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Plymouth Rock (Barred Rock) Chicken
If you are thinking about adding chickens to your homestead or mini farm, you’ll be hard pressed to find a chicken that beats the Plymouth Rock. This breed is incredibly sweet and docile, but they also produce great meat and lay a lot of eggs.
To find out more about owning Plymouth Rock chickens, read on. In this article, we tell you everything you need to know about owning Plymouth Rock chickens.
Quick Facts about Plymouth Rock (Barred Rock) Chicken Breed
|Species Name:||Gallus gallus domesticus|
|Temperature:||Cool to moderate|
|Temperament:||Docile, friendly, and plucky|
|Color Form:||Black and white|
|Diet:||Chicken feed and water|
|Minimum Coop Size:||10 square feet per chicken|
|Coop Set-Up:||Nesting boxes and roosting perch|
|Compatibility:||Great for children, homesteading, and small farms|
Plymouth Rock (Barred Rock) Chicken Overview
Plymouth Rock Barred Rock chickens have been a favorite among American poultry owners. They are incredibly docile and friendly, yet they are also great for meat, egg production, and cold climates.
Plymouth Rock chickens come in several varieties, but the most common is the Barred Rock. Barred Rocks have a very unique look, complete with black and white stripes. This helps them to stand out from the rest of their flock.
These large and hardy birds are ideal on small farms because they are gentle yet highly productive. At the same time, they are a great meat and egg source, especially for farms in moderate to cold climates.
As we already mentioned, Barred Rocks can be pretty big. They can weigh up to 8 pounds. They are considered single comb and lack feathers on their legs. Additionally, they are not crested and have 4 cute toes.
Cocks will have striping of equal width. Hens, on the other hand, will have wider dark bars, in comparison to their white bars. This makes them look darker than the cocks.
Barred Rock chickens are really beneficial to have on a small farm because of their dual purpose. They can put on quite a bit of weight, allowing them to have tasty meat. At the same time, they produce a whole lot of eggs.
All around, Barred Chickens are a super great breed because they are friendly and productive on a farm.
How Much Does the Plymouth Rock (Barred Rock) Chicken Cost?
Even though other breeds of Plymouth Rock chickens are relatively rare, the Barred Rock is highly populous. As a result, they are considered incredibly affordable, costing much less than other chicken varieties.
Though the exact cost will depend on your location and the hatchery you choose, you can easily purchase multiple Barred Rock chickens for under $10. The price will depend on your location, the age, and your desired quantity.
Typical Behavior & Temperament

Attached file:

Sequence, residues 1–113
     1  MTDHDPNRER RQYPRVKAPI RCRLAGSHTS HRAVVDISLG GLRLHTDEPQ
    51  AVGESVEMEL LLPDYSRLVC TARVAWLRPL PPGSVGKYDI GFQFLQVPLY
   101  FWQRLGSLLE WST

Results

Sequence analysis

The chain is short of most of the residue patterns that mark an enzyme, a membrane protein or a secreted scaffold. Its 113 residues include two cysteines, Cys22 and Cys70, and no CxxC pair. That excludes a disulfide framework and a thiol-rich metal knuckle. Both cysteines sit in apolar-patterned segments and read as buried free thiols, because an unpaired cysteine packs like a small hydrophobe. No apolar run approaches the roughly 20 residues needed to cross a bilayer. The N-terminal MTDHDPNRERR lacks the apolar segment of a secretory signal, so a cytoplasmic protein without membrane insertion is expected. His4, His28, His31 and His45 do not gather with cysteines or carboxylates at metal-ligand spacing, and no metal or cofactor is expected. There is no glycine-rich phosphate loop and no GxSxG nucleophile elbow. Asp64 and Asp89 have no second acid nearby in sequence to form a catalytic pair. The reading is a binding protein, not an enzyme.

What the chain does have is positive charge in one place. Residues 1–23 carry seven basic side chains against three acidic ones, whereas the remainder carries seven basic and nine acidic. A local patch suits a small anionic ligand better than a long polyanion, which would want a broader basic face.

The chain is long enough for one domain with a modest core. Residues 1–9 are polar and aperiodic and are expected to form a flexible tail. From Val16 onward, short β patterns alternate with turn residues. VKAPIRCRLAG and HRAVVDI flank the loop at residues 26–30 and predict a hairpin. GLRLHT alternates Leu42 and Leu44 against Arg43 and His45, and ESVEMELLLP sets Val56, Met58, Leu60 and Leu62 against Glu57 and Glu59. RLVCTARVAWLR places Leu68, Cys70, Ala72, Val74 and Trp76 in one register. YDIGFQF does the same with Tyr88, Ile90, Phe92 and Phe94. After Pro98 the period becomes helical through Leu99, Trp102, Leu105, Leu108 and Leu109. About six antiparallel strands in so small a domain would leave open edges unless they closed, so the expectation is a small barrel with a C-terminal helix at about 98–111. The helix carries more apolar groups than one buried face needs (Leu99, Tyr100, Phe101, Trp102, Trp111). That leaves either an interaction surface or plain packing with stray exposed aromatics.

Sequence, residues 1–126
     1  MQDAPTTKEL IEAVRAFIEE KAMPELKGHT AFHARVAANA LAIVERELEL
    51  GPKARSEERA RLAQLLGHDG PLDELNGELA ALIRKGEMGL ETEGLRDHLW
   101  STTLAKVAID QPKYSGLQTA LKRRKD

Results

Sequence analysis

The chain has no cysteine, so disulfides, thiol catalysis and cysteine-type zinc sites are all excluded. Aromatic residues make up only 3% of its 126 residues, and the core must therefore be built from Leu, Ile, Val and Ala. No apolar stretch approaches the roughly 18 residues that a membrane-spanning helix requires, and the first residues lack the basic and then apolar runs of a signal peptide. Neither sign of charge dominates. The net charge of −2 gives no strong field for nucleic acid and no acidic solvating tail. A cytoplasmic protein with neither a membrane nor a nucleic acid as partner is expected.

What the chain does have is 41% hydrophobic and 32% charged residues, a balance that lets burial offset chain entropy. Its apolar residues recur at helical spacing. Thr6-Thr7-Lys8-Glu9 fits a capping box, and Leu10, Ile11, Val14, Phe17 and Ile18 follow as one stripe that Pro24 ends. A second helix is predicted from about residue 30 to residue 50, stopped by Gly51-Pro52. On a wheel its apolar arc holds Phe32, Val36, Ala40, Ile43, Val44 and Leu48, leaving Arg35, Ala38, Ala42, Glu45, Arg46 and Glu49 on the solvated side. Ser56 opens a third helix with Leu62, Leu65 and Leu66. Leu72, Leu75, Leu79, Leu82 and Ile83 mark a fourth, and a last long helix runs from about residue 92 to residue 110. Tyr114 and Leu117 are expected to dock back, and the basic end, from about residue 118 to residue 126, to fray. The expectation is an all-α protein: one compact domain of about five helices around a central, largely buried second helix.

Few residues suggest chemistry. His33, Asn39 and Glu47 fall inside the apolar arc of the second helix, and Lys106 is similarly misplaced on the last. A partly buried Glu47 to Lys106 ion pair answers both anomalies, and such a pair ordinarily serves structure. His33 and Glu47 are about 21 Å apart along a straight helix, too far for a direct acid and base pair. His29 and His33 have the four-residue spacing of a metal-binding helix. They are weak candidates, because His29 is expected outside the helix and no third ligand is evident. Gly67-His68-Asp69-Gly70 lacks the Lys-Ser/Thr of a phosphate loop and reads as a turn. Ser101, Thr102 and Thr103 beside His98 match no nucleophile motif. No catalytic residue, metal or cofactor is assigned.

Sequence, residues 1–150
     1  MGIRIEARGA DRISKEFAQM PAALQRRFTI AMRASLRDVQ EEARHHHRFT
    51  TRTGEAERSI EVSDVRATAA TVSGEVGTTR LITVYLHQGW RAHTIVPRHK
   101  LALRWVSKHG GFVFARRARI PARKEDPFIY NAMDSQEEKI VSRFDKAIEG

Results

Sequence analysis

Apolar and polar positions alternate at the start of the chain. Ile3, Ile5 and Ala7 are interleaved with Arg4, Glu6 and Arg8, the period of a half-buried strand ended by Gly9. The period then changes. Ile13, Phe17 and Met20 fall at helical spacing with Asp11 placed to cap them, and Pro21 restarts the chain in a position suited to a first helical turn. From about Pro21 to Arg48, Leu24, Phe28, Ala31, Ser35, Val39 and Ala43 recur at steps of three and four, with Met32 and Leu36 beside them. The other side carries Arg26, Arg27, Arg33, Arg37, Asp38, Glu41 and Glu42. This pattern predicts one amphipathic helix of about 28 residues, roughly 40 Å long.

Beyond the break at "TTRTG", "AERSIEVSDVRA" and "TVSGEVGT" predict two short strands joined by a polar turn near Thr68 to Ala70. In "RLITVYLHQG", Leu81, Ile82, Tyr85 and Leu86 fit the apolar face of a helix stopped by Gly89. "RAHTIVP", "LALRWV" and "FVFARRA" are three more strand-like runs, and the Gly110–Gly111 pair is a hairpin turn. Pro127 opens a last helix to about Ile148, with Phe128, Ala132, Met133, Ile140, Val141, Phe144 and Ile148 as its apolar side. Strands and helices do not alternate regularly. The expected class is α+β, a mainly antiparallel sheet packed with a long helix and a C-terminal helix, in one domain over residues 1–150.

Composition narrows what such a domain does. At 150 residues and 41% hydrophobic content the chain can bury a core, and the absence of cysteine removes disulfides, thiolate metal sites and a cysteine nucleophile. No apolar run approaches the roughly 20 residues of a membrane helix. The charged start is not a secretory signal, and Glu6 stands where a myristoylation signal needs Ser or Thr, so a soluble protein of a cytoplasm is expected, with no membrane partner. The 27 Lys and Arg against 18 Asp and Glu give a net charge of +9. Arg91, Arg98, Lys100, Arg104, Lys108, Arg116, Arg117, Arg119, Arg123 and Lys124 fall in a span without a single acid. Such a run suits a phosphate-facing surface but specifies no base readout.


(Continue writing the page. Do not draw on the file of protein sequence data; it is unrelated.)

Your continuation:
Even though chickens can sometimes be a bit nasty, Plymouth Rocks are docile and friendly. Even though they’ll be happier out roaming, they do pretty well in confined areas as well. The one exception to this generalization is that roosters can be bullies, but the hens are generally sweet.
Because of the gentle behavior of this chicken type, they are a favorite among farms with children. These chickens are not likely to bite or scratch. Instead, they are laid back and sweet.
Appearance & Varieties
Plymouth Rocks are considered a sturdy and heavy breed. Their bodies are complete with a full breast and vivid yellow legs and beaks. Meanwhile, their comb and lobes are a bright red color. Their feathers are striped with black and white. This coloration makes these birds stand out amongst the flock.
As we mentioned above, Plymouth Rocks will have black and white stripes. The stripes on the cocks will be rather even, but the stripes on the hens will be darker.
There are also other varieties of Plymouth Rock other than the Barred Rock. For example, there is a White, Buff, Buff Columbian, Columbian, Silver Partridge, and Blue Laced. Most of these varieties, with the exception of the Barred Rock and White rock, are pretty rare.
How to Take Care of The Plymouth Rock (Barred Rock) Chicken
Barred Rock chickens are considered winter hardy birds. As a result, they actually do better in cooler environments, unlike most other chickens.
Habitat, Coop Conditions & Setup
Plymouth Rocks love having room to roam and play, but they need a secure coop. Because they lay so many eggs, they need a place where they can nest. Within the coop, they need a private nesting box and perches for roosting.
Sections to Add: Roosting Perch and Nesting Box
Inside your chicken coop, you should have two things: a roosting perch and a nesting box. A roosting perch is where the chickens will sleep. Make a roosting perch from a natural material, like wood. Install the roosting perch higher than the nesting box.
Additionally, add a nesting box. The nesting box provides a place for the chickens to lay their eggs. Make sure to add a dry bedding to the nesting boxes for comfortability.